Shadowfax 07-04-2012 09:12 PM

Re: Shouldn't we be responsible?
 
Quote:

Christopher Li wrote: (Post 312363)
Which makes a kind of sense - except that most of my adult life has been lived in places where it is very difficult or impossible to carry a gun legally. I suspect that applies to most folks these days, depending on where you live.

Also, a gun is a somewhat more extreme option than most people (I think) want to take on a daily basis.

All in all, it's not really a realistic alternative for most people.

Nothing will make you invulnerable, but as a fringe benefit it's not bad. :cool:

Best,

Chris

Oh yes agreed that a lot depends on where you live and the environments you are in. But for the vast majority of us really how likely are we ever to need to defend ourselves from an attacker? Better to avoid being in the places and situations that would call for such knowledge. (and I do realize that for some this is not so easy or possible)

Now I'm not saying aikido can't be really useful. It has come in handy for me a few times. Nothing life threatening but all the same I was able to handle myself and keep control of situations that might have been worse without the awareness and muscle memory that aikido has given me thus far. But I'm not in aikido because I am worried about getting into a life threatening conflict and I'm not very likely to be involved in a serious fight. I think there is a lot more to be gained from aikido than the skill to beat up an attacker or win a fight. So while martial effectiveness does matter to me to a degree it is not my first concern. My thought is that if it is ones first concern then aikido might not be the right MA for them to be involved in. But that's just my thoughts as a very junior aikidoka. I may have very different thoughts on it in 5-10 years. :)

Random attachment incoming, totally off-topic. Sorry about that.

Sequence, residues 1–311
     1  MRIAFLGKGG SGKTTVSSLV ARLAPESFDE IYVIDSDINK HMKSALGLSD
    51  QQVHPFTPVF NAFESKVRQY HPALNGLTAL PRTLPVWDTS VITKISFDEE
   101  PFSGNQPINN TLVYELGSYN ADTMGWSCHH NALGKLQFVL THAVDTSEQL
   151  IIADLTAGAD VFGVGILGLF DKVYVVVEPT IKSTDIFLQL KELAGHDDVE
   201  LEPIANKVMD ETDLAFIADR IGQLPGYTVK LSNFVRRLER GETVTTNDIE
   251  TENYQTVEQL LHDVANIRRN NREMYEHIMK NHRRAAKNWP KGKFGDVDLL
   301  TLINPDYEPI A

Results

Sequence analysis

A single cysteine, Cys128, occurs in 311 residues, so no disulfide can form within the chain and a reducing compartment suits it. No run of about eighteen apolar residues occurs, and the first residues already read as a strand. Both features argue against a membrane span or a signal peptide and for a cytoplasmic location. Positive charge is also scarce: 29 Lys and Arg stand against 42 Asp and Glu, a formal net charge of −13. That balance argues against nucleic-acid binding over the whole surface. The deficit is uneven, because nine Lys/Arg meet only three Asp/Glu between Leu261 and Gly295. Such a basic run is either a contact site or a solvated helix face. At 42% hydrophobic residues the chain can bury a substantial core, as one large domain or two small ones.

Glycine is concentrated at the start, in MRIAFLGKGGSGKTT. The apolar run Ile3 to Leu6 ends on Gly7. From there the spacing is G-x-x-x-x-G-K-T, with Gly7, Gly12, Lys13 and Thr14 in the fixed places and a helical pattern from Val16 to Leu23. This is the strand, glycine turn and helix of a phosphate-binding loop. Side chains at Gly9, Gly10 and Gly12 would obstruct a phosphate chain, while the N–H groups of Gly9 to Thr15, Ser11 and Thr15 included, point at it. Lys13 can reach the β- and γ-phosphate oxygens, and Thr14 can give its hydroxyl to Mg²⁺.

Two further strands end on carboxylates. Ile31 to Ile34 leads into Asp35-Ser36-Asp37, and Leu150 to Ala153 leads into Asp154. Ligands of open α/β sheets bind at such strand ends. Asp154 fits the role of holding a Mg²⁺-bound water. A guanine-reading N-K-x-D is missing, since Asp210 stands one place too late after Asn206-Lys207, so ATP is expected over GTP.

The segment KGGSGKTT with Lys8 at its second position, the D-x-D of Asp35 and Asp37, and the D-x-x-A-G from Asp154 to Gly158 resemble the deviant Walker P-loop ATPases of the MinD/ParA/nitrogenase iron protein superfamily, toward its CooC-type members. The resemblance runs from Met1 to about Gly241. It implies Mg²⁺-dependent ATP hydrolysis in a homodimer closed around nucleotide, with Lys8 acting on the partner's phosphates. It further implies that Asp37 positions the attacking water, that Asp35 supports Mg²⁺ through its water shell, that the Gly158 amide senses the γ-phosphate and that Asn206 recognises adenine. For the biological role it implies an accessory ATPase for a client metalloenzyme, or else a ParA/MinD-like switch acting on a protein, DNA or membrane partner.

LinTal 07-04-2012 09:24 PM

Re: Shouldn't we be responsible?
 
Quote:

Cherie Cornmesser wrote: (Post 312383)
But for the vast majority of us really how likely are we ever to need to defend ourselves from an attacker? Better to avoid being in the places and situations that would call for such knowledge. (and I do realize that for some this is not so easy or possible)